By Priya Cherian Huskins of Woodruff-Sawyer & Co.
The Securities and Exchange Commission’s mission is to protect investors, maintain fair, orderly and efficient markets, and facilitate capital formation. Some of the SEC’s tools include its ability to weigh-in on issues of corporate governance and to drive change both through mandates and required disclosures.
To be sure, corporate governance means different things to different people. For example, when someone uses the term “corporate governance,” are they talking about loss control? Are they talking about optimizing the efficiency of how a board does its job? Are they talking about enhancing shareholder returns? Or something else?
Let’s briefly look at different types of corporate governance and how this relates to the latest statements by SEC Chair Mary Jo White on boardroom diversity.
Corporate Governance and Loss Control
There’s a type of corporate governance that’s focused on loss control. For example, when we refer to corporate governance in the D&O liability insurance practice here at Woodruff-Sawyer, we are generally referring to controls and procedures in the management environment that make litigation and loss less likely, or that reduce the severity of loss should it occur.
A robust insider trading policy is a good example of a loss-control related corporate governance policy.
Corporate Governance and Shareholder Return
Corporate governance can also refer to procedures and policies that tend to enhance shareholder returns.
A good example of this is a policy requiring that only independent directors serve on compensation committees. Such a policy makes it harder for management to implement too-easy metric benchmarks for bonus payments. The harder the benchmarks (within reason), presumably the better the returns for shareholders.
Corporate Governance and Social Policy
Finally, the term corporate governance is sometimes used to refer to social policy concerns. Some of these policies might be expression of a serious issue that is worth addressing in the appropriate forum. The SEC typically uses disclosure when it is making social-policy related corporate governance moves. For example, the SEC uses required corporate disclosure about the use of conflict minerals to discourage their use.
This type of corporate governance is not, however, really about loss control or enhancing shareholder returns. Any particular social policy might not detract from the other goals of corporate governance, and may even indirectly support them, but social policy-type corporate governance arguably falls outside of the SEC’s mission to “protect investors, maintain fair, orderly and efficient markets, and facilitate capital formation”
The SEC’s Focus on Board Diversity
SEC Chair Mary Jo White gave a keynote address on June 27, 2016, at the International Corporate Governance Network Annual Conference in San Francisco.
There, she recognized the lack of diversity in corporate board rooms today and took a clear stance on the social issue of board diversity: “I continue to urge that CEOs and boards of public companies act aggressively to alter this landscape and to do so quickly.”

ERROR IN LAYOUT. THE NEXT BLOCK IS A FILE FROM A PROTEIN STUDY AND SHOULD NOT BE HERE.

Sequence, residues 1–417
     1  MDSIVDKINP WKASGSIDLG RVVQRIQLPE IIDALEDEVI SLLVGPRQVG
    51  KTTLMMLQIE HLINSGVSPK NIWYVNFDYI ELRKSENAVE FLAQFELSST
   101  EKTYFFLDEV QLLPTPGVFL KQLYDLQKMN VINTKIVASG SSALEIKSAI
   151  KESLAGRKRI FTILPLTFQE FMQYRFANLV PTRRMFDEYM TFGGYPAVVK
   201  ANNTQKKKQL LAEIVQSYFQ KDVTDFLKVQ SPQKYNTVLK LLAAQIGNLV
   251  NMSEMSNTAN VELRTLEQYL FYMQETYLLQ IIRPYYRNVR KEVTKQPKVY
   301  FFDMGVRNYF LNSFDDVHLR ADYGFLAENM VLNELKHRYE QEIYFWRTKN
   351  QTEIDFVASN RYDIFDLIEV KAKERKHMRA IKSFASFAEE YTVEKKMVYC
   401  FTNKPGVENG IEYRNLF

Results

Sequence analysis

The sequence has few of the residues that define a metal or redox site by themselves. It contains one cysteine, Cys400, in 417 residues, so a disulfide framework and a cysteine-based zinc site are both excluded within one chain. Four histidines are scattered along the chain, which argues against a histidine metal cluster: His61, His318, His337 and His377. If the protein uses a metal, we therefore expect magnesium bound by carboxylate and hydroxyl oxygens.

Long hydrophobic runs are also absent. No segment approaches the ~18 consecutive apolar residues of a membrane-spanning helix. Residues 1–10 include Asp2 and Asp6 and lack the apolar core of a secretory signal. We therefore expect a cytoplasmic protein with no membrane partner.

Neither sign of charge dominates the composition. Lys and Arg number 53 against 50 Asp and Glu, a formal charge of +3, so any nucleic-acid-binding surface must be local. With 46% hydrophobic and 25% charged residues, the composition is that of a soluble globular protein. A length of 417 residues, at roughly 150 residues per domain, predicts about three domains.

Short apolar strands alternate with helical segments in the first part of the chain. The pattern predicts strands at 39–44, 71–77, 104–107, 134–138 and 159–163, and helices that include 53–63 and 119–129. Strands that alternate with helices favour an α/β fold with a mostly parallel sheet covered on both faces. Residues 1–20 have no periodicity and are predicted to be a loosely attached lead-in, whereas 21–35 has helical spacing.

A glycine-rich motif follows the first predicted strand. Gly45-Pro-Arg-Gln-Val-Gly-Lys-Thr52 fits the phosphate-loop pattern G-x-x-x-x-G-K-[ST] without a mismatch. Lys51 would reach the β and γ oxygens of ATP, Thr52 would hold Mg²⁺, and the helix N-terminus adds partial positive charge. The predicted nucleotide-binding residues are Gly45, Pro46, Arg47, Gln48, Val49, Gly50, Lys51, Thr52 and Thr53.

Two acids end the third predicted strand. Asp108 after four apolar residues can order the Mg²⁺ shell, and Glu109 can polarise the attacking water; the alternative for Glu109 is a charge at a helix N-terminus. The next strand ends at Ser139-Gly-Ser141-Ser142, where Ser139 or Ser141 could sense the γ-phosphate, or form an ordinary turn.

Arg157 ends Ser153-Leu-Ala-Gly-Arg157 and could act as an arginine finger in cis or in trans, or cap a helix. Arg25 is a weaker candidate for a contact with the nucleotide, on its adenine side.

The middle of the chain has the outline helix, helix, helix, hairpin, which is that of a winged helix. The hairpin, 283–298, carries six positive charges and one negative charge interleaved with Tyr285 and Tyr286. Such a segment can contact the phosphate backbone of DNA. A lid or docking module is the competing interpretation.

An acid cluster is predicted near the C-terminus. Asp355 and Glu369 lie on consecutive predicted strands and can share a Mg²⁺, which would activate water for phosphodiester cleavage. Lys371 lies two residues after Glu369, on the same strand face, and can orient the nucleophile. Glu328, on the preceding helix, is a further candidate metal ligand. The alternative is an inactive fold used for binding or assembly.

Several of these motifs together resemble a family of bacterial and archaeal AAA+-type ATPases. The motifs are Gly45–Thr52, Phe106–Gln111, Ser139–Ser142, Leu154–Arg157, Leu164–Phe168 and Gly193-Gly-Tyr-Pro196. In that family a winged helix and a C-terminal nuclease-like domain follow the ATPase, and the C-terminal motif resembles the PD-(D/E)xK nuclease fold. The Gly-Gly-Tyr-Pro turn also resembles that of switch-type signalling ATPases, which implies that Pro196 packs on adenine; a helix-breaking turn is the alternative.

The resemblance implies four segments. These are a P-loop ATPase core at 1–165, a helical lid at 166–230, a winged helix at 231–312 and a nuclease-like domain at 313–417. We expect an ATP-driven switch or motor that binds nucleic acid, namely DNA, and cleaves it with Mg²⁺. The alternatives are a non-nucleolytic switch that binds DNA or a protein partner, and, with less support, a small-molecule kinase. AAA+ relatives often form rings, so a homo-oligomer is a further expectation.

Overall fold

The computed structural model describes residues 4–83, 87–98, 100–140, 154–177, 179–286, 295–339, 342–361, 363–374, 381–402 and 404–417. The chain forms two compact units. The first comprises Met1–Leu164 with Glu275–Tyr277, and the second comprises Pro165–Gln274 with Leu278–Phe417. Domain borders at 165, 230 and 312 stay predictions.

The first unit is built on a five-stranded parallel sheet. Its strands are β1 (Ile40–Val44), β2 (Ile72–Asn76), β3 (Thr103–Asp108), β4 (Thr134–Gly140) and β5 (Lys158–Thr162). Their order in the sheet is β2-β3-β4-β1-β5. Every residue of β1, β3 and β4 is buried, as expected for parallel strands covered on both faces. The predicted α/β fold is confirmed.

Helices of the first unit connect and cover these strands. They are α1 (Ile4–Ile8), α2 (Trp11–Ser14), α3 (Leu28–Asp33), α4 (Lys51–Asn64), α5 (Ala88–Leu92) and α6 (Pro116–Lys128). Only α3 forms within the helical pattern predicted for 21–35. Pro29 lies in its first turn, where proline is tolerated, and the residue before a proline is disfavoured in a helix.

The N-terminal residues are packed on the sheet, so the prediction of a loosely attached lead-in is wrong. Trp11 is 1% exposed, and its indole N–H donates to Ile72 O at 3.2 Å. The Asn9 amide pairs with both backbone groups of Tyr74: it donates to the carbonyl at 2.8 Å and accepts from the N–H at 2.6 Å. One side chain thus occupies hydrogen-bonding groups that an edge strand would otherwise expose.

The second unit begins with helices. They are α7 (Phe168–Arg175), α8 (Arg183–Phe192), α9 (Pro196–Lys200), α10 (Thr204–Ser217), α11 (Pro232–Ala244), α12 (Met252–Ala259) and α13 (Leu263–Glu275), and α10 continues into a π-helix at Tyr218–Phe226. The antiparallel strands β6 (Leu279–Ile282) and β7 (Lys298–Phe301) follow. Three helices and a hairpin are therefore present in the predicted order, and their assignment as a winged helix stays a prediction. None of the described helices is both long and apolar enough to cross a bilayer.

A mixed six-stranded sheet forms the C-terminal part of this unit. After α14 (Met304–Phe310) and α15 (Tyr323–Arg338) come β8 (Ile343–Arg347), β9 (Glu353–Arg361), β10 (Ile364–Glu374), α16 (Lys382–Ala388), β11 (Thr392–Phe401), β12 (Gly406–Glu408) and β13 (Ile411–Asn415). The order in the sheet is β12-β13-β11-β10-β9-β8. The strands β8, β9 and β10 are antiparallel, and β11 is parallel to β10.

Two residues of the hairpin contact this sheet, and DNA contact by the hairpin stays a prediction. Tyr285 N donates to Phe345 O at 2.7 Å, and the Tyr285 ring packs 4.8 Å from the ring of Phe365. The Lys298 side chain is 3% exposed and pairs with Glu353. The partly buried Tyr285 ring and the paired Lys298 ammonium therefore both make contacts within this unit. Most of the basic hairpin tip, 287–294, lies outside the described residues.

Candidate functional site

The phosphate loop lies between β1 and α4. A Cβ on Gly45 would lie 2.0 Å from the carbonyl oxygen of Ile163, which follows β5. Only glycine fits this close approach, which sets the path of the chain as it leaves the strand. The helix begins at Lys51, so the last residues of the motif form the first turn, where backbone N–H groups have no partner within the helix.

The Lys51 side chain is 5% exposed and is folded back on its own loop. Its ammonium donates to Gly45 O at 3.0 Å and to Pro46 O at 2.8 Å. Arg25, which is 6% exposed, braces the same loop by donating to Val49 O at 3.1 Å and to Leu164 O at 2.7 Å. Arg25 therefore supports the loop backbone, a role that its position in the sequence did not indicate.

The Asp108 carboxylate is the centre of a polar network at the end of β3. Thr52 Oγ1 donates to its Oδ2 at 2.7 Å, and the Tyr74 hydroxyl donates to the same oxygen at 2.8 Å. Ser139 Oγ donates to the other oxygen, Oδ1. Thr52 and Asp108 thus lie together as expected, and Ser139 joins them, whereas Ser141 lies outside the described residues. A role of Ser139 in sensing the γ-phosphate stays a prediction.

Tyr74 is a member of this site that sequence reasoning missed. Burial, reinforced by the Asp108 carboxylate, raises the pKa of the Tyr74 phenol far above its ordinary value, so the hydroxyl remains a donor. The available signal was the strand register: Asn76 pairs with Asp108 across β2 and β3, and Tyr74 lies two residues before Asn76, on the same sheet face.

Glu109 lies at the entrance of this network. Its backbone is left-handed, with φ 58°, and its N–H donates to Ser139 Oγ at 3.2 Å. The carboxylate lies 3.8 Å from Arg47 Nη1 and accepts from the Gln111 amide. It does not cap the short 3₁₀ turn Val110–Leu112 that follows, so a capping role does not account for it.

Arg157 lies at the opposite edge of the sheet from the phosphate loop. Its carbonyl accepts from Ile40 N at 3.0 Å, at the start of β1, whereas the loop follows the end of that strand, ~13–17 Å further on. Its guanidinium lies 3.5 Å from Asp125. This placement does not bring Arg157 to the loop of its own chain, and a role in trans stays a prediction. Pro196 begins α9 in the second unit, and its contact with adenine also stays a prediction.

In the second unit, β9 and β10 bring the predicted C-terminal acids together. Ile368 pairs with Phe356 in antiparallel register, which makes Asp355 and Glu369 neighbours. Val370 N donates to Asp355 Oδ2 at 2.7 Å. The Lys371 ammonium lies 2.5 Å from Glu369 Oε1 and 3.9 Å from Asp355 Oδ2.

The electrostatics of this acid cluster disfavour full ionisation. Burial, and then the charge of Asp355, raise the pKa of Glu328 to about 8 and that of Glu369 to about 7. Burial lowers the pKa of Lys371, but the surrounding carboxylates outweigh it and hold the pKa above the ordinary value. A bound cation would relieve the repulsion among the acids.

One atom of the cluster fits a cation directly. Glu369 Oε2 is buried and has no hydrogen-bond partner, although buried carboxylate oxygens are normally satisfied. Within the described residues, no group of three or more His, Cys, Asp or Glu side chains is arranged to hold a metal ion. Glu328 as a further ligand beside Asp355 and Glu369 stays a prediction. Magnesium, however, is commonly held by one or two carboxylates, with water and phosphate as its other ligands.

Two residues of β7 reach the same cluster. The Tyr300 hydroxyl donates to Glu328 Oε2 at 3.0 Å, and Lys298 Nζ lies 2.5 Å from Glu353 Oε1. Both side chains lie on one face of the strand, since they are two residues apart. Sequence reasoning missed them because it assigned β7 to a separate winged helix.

As a reminder, there’s already a disclosure rule (Item 407(c)(2)(vi) of Regulation S-K) in place that requires public companies to describe how they “consider diversity in identifying nominees for director.” The results of this rule, according to Chair White, have been lackluster:
The role of the SEC on board diversity, as on many other important corporate governance issues, is focused on disclosure. The SEC does not have the authority to mandate board diversity, but, in 2009, the Commission adopted a rule requiring companies to disclose whether, and if so, how their nominating committees consider diversity and, if they have a policy on diversity, how its effectiveness is assessed … Very few companies have disclosed a formal diversity policy and, as a result, there is very little disclosure on how companies are assessing the effectiveness of their policies.
She followed up by stating the intentions of the SEC’s future role in board diversity—a new rule:
I announced in January that I had directed the SEC staff to review our rule and the extent and quality of disclosures that have followed, with an eye toward revising the rule if there was a need. And, I can report today that the staff is preparing a recommendation to the Commission to propose amending the rule to require companies to include in their proxy statements more meaningful board diversity disclosures on their board members and nominees where that information is voluntarily self-reported by directors.
This may come as a surprise since, in the past, Chair White had criticized efforts by partisans to use the SEC to drive forward social policy mandates “effectuate social policy or political change through the SEC’s powers of mandatory disclosure,” according to The Wall Street Journal. In a 2013 speech Chair White was critical of Congresses’ meddling in social issues via the SEC’s disclosure powers, saying specifically that while some of the social policy goals were laudable, “as the Chair of the SEC, I must question, as a policy matter, using the federal securities laws and the SEC’s powers of mandatory disclosure to accomplish these goals.”